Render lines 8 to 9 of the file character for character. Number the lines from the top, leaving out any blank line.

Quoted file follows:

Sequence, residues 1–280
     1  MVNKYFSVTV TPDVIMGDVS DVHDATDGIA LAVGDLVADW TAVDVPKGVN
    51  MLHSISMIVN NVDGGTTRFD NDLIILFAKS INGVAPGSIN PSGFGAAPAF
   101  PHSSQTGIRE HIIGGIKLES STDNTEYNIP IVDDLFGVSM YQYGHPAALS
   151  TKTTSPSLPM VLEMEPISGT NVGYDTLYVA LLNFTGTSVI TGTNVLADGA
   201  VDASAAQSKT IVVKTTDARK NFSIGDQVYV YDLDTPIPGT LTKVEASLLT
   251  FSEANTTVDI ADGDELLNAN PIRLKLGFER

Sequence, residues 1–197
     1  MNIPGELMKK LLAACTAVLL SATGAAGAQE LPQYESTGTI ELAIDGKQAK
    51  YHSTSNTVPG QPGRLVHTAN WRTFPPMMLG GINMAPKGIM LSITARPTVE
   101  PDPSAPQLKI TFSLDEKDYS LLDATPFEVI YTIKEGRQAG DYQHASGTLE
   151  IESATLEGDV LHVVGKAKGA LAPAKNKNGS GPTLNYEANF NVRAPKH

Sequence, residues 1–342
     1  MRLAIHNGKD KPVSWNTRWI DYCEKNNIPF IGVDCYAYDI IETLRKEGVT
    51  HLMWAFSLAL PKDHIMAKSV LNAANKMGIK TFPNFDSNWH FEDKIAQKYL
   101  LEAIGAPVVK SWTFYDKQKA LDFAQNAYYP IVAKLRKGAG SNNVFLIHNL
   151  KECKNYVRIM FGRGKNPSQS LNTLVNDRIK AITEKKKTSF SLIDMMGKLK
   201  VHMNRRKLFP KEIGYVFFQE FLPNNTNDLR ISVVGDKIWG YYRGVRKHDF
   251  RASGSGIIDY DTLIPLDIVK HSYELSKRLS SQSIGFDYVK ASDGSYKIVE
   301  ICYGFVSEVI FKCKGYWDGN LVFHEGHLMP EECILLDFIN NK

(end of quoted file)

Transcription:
Sequence, residues 1–197
     1  MNIPGELMKK LLAACTAVLL SATGAAGAQE LPQYESTGTI ELAIDGKQAK